1897 DE Richard R. Kenney v. John E. Addicks Feb 5, 1897 Kenney Seated
1897 OH Marcus A. Hanna Feb 28, 1899 Retained Seat
1899 WV Nathan B. Scott v. John T. McGraw, et al. Mar 20, 1900 Scott Retained Seat
1899/1901 MT William A. Clark3 Mar 4, 1901 Resigned
1908 MD John W. Smith Mar 26, 1908 Seated
1909 IL William Lorimer Jul 13, 1912 Unseated
1907 WI Isaac Stephenson Mar 27, 1912 Retained Seat
1911 WV Clarence Watson; William E. Chilton Feb 11, 1913 Retained Seats
1913 MD Blair Lee v. William P. Jackson Jan 28, 1914 Lee Seated
1916 WV Howard Sutherland v. William E. Chilton Jun 29, 1918 Sutherland Retained Seat
1918 MI Truman H. Newberry v. Henry Ford Jan 12, 1922 Retained Seat; later resigned
1922 TX Earle B. Mayfield v. George E. B. Peddy Feb 3, 1925 Mayfield Retained Seat
1924 MN Thomas D. Schall v. Magnus Johnson Mar 4, 1925 Schall Retained Seat
1924 NM Sam G. Bratton v. Holm O. Bursum Mar 4, 1925 Bratton Retained Seat
1924 IA Daniel F. Steck v. Smith W. Brookhart4 Apr 30, 1926 Brookhart: Unseated; Steck: Seated
1926 PA William S. Vare v. William B. Wilson Dec 6, 1929 Both Not Seated
1926 IL Frank L. Smith Jan 19, 1928 Not Seated
1930 AL John H. Bankhead v. J. Thomas Heflin Apr 28, 1932 Bankhead Retained Seat
1930 MN Thomas D. Schall v. Einar Hoidale Jan 17, 1933 Schall Retained Seat
1930 NC Josiah E. Bailey v. George M. Pritchard Feb 3, 1933 Bailey Retained Seat
1934 NM Bronson Cutting v. Dennis Chavez5 Jun 4, 1935 Cutting Died; Chavez Appointed
1938 TN Tom Steward Mar 31, 1939 Retained Seat
1938 IN Frederick Van Nuys v. Raymond E. Willis Apr 13, 1939 Van Nuys Retained Seat
1942 TN Tom Stewart Mar 31, 1939 Retained Seat
1946 MS Theodore G. Bilbo -- 6 Bilbo Died
1946 MD Herbert R. O'Conor v. D. John Markey May 20, 1948 O'Conor Retained Seat
1946 WV Harley M. Kilgore v. Tom Sweeney Jul 28, 1949 Kilgore Retained Seat
1948 MI Homer Ferguson v. Frank E. Hook Jul 28, 1949 Ferguson Retained Seat
1950 MD John M. Butler v. Millard E. Tydings Aug 20, 1951 Butler Retained Seat
1952 NM Dennis Chavez v. Patrick J. Hurley Mar 23, 1954 Chavez Retained Seat
1970 IN R. Vance Hartke v. Richard L. Roudebush Jul 24, 1972 Hartke Retained Seat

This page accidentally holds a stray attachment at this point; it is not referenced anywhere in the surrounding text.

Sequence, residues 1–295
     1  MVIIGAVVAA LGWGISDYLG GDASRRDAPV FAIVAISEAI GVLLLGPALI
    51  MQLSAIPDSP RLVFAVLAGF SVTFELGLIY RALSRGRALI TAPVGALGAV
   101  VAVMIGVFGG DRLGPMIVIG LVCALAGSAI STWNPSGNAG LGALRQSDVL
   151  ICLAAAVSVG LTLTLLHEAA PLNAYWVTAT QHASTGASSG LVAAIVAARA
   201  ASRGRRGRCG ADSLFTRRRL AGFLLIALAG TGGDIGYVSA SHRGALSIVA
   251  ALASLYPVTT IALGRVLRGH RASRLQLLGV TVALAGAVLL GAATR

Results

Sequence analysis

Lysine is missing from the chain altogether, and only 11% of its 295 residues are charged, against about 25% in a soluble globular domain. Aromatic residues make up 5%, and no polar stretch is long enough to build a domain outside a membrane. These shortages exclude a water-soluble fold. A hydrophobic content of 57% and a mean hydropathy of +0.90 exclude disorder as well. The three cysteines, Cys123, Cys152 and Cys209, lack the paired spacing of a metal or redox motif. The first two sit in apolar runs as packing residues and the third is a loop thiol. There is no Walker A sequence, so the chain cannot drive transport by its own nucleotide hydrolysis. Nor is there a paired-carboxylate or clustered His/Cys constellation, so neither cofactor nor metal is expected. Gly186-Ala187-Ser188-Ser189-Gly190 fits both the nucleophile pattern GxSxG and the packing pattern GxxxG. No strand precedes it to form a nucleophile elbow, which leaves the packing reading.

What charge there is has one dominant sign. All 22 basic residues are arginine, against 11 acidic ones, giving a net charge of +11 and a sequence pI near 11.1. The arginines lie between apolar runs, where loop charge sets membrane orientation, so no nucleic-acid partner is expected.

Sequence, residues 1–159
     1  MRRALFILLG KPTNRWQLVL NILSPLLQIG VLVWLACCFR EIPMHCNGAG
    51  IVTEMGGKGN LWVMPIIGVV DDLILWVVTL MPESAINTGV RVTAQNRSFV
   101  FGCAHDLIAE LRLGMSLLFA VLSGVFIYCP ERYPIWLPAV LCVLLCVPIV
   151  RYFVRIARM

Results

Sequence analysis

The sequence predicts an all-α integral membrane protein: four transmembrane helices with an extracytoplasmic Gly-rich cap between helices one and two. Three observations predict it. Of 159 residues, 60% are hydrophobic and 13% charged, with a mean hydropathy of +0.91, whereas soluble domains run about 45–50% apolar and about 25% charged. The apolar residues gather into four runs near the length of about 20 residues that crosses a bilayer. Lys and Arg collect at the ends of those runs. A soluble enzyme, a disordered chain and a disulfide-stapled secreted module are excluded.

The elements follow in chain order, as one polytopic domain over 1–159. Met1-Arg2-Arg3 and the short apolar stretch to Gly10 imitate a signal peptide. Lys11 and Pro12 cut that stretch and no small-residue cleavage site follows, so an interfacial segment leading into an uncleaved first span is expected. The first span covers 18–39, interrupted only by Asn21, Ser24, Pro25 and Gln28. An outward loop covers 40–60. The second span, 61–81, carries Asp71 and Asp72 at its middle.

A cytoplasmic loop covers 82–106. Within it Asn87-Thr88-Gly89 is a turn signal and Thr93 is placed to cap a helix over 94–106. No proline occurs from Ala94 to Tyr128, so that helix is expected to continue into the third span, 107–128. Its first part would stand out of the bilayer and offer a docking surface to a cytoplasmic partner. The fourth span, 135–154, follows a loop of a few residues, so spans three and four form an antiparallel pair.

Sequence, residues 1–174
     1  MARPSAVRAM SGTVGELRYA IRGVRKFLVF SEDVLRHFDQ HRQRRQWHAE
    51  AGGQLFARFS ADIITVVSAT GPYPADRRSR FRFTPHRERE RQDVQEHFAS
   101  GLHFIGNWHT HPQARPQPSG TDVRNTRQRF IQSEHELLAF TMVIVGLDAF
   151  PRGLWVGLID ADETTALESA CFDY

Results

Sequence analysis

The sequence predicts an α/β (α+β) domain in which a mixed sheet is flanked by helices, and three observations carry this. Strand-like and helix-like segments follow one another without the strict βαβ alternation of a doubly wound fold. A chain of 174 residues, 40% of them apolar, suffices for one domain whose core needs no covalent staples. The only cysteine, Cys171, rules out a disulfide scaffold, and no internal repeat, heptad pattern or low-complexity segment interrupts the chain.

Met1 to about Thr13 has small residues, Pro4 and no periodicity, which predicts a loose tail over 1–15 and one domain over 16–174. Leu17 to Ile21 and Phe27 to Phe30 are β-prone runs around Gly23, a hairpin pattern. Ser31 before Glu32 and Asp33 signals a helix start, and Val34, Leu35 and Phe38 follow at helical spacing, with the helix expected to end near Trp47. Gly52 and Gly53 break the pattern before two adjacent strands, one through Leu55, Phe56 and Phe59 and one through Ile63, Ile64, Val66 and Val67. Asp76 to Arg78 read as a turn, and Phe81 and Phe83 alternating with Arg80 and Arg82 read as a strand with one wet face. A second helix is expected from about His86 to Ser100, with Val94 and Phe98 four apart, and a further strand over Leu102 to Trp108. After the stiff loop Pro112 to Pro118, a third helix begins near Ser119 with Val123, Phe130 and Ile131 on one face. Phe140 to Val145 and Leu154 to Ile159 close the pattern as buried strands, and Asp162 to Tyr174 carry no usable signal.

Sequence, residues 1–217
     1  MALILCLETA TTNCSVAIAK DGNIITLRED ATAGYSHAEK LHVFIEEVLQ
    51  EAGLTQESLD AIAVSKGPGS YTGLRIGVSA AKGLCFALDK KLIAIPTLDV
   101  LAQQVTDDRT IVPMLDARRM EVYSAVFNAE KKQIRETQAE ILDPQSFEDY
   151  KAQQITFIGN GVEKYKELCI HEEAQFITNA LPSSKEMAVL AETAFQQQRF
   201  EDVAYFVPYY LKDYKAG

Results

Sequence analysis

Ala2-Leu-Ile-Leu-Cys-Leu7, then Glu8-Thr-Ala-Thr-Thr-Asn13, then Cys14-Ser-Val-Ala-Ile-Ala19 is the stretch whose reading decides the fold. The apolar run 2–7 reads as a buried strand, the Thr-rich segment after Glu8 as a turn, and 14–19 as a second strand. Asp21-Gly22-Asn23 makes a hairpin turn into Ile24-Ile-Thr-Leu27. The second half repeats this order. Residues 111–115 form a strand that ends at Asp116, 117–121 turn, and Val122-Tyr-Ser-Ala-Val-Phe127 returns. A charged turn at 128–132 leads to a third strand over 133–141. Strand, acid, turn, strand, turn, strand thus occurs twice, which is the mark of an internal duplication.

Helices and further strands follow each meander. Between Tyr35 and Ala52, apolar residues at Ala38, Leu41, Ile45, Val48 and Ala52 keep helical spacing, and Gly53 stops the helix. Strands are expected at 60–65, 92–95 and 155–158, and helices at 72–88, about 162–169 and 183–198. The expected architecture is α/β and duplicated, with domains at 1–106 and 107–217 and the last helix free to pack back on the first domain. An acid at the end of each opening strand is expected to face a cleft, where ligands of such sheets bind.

1974 NH John Durkin v. Louis C. Wyman7 Sep 16, 1975 Seat Declared Vacant; New Election Held
1974 OK Henry L. Bellmon v. Edmond A. Edmondson Mar 4, 1976 Bellmon Retained Seat
1996 LA Mary Landrieu v. Louis "Woody" Jenkins Oct 1, 1997 Landrieu Retained Seat
2008 MN Norm Coleman v. Al Franken 8 Jun 30, 2009 Franken Seated

1. Seat was declared vacant, but Harlan was immediately reelected and seated.

2. Resigned before Senate could vote to void election.

3. Resigned; reelected the next year and seated.

4. Brookhart was initially seated but was later unseated by the Senate and Steck seated in his place. This is the only occasion to date in which the Senate has actually reversed the results of an election, unseated a senator, and seated the challenger.

5. Cutting died May 6, 1935; on June 4, 1935, the Senate agreed with a committee recommendation to dismiss the contest. Chavez was appointed to fill the vacancy.

6. Bilbo died on August 21, 1947, before the Senate reached a decision.

7. This contest ended in deadlock; a new election was held.

8. Following a long contest over the election, including a lengthy recount of ballots, the Minnesota state supreme court decided the election in Franken?s favor. Franken took the oath of office on July 7, 2009.

Source: U.S., Congress, Senate, Senate Election, Expulsion, and Censure Cases from 1793 to 1972, S. Doc. 92-7, 92nd Cong., 1st sess., 1972.